- The Washington Times - Wednesday, December 29, 2004

While it doesn’t quite hit the heights of his 1981 cult classic “Quest For Fire,” director/co-writer Jean-Jacques Annaud’s wildlife drama Two Brothers, new from Universal Studios Home Video ($29.99), stalks into vidstores as a sheer delight. It’s our…

DVD pick of the week

Set in 1930s Indochina, “Two Brothers” chronicles a hectic year in the life of two young tiger siblings, the aggressive Sangha and the cautious Kumal.

Separated from their mother, Sangha winds up the unlikely pet of a governor’s son (Freddie Highmore), while Kumal is sold into circus captivity. Providing the narrative glue is great white hunter Aidan McRory (Guy Pearce), who feels both affection and responsibility for the cubs whose father he’d killed.

While steeped in an old-school adventure ambience (the film could hail almost as easily from 1964 as 2004), “Two Brothers” admirably avoids cheap sentimentality. The film’s core message is that people can make life rough — or worse — for animals, and viewers aren’t spared the cruelties our furry heroes and their jungle brethren suffer at the hands of man.

The two-legged thesps hold their own in rather broadly drawn roles, but Sangha and Kumal (and their various stunt doubles) are rightly the stars of the show.

Several brief but informative supplemental featurettes demonstrate how director Annaud refrained from employing animatronics for all but a clawful of shots, instead placing his crew behind steel mesh wire while his animal actors roamed free. A director’s audio commentary fills in still more of a backstory that’s almost as fascinating as the film itself.

At a time when many homegrown movies adopt either mean-spirited or simpleminded feel-good stances, “Two Brothers” bounds in as a welcome breath of celluloid fresh air.

The ‘A’ list

In another busy week for recent theatrical releases making their digital debuts, MGM Home Entertainment releases two relatively low-key titles —Michael Winterbottom’s thought-provoking futuristic fable Code 46, starring Tim Robbins and Samantha Morton as forbidden lovers, and Paul McGuigan’s romantic thriller Wicker Park ($26.98 each), with Josh Hartnett. Both arrive with ample bonus material ranging from featurettes to deleted scenes and more.

Universal Studios proffers “Star Trek” thesp-turned-director Jonathan Frakes’ live-action adaptation of Gerry Anderson’s cult 1960s sci-fi puppet creation Thunderbirds ($29.98), pitting high-flying hero Bill Paxton and brood against a villainous Ben Kingsley in a special edition complete with director’s commentary and a wealth of featurettes.

The same label premieres the romantic comedy Wimbledon ($29.98), pairing Paul Bettany and Kirsten Dunst, with bonus featurettes.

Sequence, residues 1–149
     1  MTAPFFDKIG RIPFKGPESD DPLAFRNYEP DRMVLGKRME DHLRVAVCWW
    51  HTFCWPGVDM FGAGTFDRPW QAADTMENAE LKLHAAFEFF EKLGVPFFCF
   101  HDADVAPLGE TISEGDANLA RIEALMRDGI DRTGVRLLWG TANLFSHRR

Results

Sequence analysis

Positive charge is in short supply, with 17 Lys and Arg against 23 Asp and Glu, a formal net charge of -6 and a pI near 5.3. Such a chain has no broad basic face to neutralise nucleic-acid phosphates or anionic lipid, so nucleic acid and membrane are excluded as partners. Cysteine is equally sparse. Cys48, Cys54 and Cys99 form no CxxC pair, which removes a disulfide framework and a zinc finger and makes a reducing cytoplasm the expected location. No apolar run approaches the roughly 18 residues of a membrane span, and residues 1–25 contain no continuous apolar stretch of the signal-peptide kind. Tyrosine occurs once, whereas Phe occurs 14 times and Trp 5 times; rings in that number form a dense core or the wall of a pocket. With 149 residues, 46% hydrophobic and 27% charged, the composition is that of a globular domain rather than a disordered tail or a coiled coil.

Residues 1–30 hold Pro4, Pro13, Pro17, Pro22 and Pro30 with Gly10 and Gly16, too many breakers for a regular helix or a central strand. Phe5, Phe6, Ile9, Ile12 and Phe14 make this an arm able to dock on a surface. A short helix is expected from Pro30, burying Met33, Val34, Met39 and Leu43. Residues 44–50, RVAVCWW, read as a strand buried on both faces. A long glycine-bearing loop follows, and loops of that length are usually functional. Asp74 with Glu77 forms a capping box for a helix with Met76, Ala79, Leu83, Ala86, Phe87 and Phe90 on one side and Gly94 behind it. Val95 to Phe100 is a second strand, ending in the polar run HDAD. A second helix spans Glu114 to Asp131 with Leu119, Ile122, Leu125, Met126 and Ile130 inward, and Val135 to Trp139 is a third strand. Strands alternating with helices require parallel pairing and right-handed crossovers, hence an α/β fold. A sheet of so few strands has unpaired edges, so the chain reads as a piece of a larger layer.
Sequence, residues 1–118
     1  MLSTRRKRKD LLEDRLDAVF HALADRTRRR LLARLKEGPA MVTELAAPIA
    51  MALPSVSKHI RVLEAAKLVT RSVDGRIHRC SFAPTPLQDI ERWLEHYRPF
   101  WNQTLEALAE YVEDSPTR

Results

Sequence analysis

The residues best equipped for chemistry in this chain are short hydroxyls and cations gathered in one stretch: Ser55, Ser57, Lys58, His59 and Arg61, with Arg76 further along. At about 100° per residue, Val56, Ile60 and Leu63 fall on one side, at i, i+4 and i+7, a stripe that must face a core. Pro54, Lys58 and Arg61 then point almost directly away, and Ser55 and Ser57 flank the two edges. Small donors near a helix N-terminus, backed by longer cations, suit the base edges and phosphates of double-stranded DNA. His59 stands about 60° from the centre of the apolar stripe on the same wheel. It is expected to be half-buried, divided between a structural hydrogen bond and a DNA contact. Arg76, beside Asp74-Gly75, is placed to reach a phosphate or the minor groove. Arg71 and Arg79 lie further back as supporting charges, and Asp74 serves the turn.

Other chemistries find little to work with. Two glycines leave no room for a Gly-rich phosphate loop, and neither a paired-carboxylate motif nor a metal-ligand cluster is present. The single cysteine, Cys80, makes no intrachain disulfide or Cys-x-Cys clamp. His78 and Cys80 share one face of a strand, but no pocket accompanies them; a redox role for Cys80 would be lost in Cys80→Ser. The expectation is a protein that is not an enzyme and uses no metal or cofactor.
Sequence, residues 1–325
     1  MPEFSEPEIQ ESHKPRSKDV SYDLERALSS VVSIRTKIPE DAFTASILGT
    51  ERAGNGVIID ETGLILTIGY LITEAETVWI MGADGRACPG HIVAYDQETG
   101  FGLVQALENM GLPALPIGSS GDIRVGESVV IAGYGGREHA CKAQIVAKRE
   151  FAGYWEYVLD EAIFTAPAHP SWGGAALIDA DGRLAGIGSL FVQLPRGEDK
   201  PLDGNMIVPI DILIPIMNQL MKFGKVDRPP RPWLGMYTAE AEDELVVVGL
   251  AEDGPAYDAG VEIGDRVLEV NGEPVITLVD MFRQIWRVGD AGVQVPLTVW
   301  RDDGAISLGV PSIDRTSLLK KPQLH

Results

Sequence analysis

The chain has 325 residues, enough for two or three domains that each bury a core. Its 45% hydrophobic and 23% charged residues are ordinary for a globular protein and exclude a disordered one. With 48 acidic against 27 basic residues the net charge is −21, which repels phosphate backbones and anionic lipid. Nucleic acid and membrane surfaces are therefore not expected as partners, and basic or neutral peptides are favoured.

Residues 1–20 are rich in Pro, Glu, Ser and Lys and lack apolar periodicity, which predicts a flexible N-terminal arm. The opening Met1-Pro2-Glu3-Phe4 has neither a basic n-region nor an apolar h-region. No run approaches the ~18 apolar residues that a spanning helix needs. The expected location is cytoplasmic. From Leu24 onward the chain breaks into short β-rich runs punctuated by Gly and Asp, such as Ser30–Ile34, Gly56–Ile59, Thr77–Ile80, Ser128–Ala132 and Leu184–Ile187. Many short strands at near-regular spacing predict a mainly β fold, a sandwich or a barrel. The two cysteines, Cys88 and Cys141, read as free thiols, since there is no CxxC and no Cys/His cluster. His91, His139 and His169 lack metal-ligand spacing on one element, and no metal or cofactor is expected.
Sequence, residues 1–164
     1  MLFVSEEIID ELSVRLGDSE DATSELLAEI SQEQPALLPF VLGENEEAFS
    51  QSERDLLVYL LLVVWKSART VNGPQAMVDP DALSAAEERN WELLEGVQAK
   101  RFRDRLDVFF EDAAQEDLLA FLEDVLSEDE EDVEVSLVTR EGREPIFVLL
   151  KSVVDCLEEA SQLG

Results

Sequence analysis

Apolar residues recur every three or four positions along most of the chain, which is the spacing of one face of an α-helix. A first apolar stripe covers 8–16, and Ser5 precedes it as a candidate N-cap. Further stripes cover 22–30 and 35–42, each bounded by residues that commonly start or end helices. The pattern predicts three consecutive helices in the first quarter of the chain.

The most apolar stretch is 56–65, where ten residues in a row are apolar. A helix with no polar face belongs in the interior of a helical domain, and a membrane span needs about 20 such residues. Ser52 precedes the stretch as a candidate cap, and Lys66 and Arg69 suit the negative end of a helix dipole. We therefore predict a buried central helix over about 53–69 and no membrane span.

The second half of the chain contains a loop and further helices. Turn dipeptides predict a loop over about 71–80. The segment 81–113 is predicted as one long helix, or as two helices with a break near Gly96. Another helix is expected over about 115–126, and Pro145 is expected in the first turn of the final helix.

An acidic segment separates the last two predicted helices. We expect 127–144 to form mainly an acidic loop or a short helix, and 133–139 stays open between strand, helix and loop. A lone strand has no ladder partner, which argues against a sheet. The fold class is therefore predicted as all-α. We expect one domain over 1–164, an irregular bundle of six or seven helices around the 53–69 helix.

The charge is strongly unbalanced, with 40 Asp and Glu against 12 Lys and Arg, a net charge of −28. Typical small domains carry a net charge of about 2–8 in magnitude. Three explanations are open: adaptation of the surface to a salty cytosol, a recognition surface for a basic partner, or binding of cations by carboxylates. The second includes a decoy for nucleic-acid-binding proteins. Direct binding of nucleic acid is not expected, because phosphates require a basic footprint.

Milla Jovovich returns to fight supernatural evil in the video game-based sequel Resident Evil: Apocalypse (Columbia/TriStar Home Entertainment, $28.95) in a double-disc set incorporating three separate filmmakers and cast audio commentaries, deleted scenes, outtakes, featurettes and more.

Lions Gate Home Entertainment likewise goes the scare route with the visceral shark shocker Open Water ($26.98), also equipped with a boatload of extras, from commentaries to featurettes.

Tele-video

Three new animated tele-series invade area vidstores: Warner Home Video releases a pair of four-disc Hanna-Barbera Classic Collection sets ($44.98 each) — The Flintstones: The Complete Second Season, containing 32 episodes, and Top Cat: The Complete Series, with all 30 original episodes. Both include a wide array of animated extras.

20th Century Fox Home Entertainment counter-programs with Mike Judge’s adult cartoon series King of the Hill: The Complete Third Season (three-disc, $39.98), collecting all 25 Season 3 episodes.

Warner Home Video offers Gilmore Girls: The Complete Second Season ($59.98), a six-disc set featuring such audiovisual accessories as previously unaired scenes, featurettes and a “Gilmore-isms” booklet.

HBO Video aims for an older crowd with its three-disc Sex and the City: Season Six: Part Two ($49.98), with deleted scenes and three alternate endings from the final episode.

Video verite

In the increasingly busy digital documentary field, Docurama debuts the double-disc Faster ($29.95), an in-depth look at the speed-crazed world of MotoGP, narrated by Ewan McGregor.

First Run Features contributes Googoosh: Iran’s Daughter ($29.95), a portrait of the eponymous Iranian diva, and WGBH Boston Video investigates Origins: Fourteen Billion Years of Cosmic Evolution ($29.95), a two-disc set from Public Television’s “Nova” series.

Collectors’ corner

Buena Vista Home Entertainment visits vintage Britain via Hollywood with its gala double-disc Mary Poppins 40th Anniversary Edition ($29.99), brimming with extras from a fresh documentary to a new animated “Mary Poppins” short and audio commentary by stars Julie Andrews and Dick Van Dyke.

Phan mail

Dear Phantom: Where can I get a video copy of “The Librarian: Quest for the Spear?”

DGW, via e-mail

No date has yet been announced for that recently aired TV movie.

Send your video comments and queries to Phantom of the Movies, The Washington Times, 3600 New York Ave. NE, Washington, DC 20002, or e-mail us at phanmedia@aol.com. Check out our Web site at www.videoscopemag.com.

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